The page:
“Why do people say Misha saved the show? It’s J2′s show.”
So fun fact:
By industry standard, a show, within its first two episodes, TYPICALLY loses 15% of its demographic. (hence our high 2.5 becoming a low 2.2 between episodes 1 and 2.) It’s whether it can fight back against that bump, and how long it can. S1 performed well until episode 8. As it progressed, we waffled from mid 2.5s as low as a 1.3, ranging mid-high 1.x, and ending at 1.6. That’s why despite all the 2.2/4/5 at the start of the season, we averaged a 1.94. But that’s okay. It’s considered a solid show for the CW, even in that day. 2005-2006.
There is a rhyme, a reason, an ebb, and a flow to ratings. The fact that SPN diminished after its first season was no surprise. It’s no insult.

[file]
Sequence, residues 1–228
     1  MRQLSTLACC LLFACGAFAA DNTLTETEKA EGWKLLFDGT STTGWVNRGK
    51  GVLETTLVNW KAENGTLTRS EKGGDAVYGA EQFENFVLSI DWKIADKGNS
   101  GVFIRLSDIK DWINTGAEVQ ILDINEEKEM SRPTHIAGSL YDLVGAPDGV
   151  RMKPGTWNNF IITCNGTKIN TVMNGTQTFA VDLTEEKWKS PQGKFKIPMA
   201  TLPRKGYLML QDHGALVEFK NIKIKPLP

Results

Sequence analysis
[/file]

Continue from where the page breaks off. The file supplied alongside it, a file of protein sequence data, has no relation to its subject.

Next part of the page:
2006-2007: Season 2
We started just around the demo our S1 finale ended at and waned, again. We petered down from 1.7 to 1.2 and by the end, averaged 1.38. Okay. A little concerning we’re not holding the line, but not a critical loss, especially with even-then gradual loss to still-slow-moving TV decline with the infection of cable to american homes progressing like a silent cold. The issue is, this sunk us close to the bottom of the zone considered a solid investment.
2007-2008: Season 3
And then the decline continued, mostly within surrounding media averages of TV . 1.19. That’s fine. Really our average value dropped just a point or two in the industry’s eyes. The problem is, where S2 left us, that left us scraping the bottom of what was considered a solid or sound show investment, with a decently high budget investment (cited around 2-3 million/episode back then).